Iranian American Prisoner in Iran, Baquer Namazi, On Medical Leave
Lawyers File Appeals With Iran’s Supreme Court and the UN
Baquer Namazi, an Iranian American dual national who was imprisoned in Iran in February 2016, has been on furlough “for a considerable length of time” to receive treatment for heart complications, his lawyer Mehrdad Ghorbani Saraei informed the Center for Human Rights in Iran (CHRI).
“He is currently with his family and undergoing treatment,” Saraei told CHRI on August 27, 2018, without specifying exactly how long Namazi has been on medical leave.
In October 2016, Namazi, 82, and his son, Iranian-American businessman Siamak Namazi, 46, were sentenced to 10 years in prison each for the charge of “collaborating with enemy states.” The sentences were upheld in August 2017.
On August 28, the Namazis’ US counsel emailed a press release to CHRI stating that their lawyers in Iran had lodged an appeal with the Iranian Supreme Court arguing that their convictions cannot legally stand because they were convicted of collaborating with the US, a “hostile” state. But according to Article I of the Treaty of Amity, to which Iran is a party, “[t]here shall be firm and enduring peace and sincere friendship between the United States of America and Iran.”
The press release added that in a ruling in a case identical to the Namazis’ in 2014, Iran’s Supreme Court explicitly stated that “no government [including the United States] is in a state of hostility with Iran” and that “political differences” are not sufficient to classify a state as “hostile.” It accordingly reversed the conviction of an Iranian under the very same law under which the Namazis were convicted because it found the US could not be properly classified as a hostile state.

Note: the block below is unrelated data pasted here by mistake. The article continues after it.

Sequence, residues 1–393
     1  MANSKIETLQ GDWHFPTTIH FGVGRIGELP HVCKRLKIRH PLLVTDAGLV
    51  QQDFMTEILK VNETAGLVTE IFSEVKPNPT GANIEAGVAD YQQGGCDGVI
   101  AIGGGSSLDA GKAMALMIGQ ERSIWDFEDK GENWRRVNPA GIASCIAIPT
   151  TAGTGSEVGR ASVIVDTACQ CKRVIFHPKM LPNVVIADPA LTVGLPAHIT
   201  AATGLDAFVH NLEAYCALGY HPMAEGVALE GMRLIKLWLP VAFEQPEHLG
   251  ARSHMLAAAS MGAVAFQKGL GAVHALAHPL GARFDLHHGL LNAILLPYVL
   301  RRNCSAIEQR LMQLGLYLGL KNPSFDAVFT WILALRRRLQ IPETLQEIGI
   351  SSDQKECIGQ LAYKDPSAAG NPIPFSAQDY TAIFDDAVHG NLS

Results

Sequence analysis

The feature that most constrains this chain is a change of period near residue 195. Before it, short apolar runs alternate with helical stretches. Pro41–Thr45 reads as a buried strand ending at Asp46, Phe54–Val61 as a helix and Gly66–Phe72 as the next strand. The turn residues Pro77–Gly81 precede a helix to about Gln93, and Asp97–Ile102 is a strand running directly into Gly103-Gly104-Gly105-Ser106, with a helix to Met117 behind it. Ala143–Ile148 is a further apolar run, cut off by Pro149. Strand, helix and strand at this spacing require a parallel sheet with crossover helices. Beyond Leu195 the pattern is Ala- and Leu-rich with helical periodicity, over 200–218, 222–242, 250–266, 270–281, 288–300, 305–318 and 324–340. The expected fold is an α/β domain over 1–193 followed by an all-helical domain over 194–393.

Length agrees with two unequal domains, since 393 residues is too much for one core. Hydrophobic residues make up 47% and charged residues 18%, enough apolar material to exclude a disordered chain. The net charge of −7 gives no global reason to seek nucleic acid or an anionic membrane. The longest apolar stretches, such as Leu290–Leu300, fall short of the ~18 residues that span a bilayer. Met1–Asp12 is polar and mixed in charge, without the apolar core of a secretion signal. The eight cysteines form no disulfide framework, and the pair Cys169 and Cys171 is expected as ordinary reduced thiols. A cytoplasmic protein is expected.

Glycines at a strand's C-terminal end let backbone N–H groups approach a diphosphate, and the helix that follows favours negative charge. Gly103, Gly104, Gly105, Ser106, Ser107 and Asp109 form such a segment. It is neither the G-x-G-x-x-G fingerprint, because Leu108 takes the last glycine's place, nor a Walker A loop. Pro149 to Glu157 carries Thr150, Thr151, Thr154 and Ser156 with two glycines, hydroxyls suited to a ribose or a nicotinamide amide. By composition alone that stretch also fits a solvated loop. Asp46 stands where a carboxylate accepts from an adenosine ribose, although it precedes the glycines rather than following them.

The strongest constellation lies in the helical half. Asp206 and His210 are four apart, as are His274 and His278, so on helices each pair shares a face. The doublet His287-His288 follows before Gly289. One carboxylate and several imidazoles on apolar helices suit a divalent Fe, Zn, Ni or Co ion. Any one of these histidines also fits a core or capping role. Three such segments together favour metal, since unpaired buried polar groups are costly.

“Baquer and Siamak Namazi have a right to seek a review of these heavy sentences and we did so on their behalf on August 20 with Branch 33 of the Supreme Court, which we hope will result in freedom for both of them,” Saraei told CHRI.
Baquer Namazi, a former UNICEF official, was arrested in Tehran in March 2016 by agents of the Islamic Revolutionary Guard Corps (IRGC) after visiting Iran to seek the release of his son, who had been arrested in October 2015.
In addition, international counsel to the Namazis also filed a complaint on August 28 with Diego García-Sayan, the UN’s special rapporteur on the independence of judges and lawyers.
According to the press release, “It requests that he begin an investigation into the Namazis’ detention emphasizing that (1) Iran’s reliance and recognition of the Treaty of Amity prevents it from legally sustaining the conviction of the Namazis, and (2) the judiciary in Iran clearly cannot be independent or impartial because it was the very same judge and appeals court in the 2014 case whose finding that the U.S. was a hostile state had been reversed. Thus, in light of Iran’s affirmation of the validity of the Treaty of Amity as well as the Supreme Court prior precedent, those courts should have no choice but to acquit the Namazis.”
During the last two years, the elderly Namazi has been hospitalized a number of times for heart-related issues, including in February 2018 when he was granted eight days of medical leave from Evin Prison.
Siamak Namazi’s requests for furlough have been repeatedly rejected. His family continues to submit requests, Saraei told CHRI.
Furlough, temporary leave typically granted to prisoners in Iran for a variety of familial, holiday, and medical reasons, is routinely denied to political prisoners as a form of additional punishment.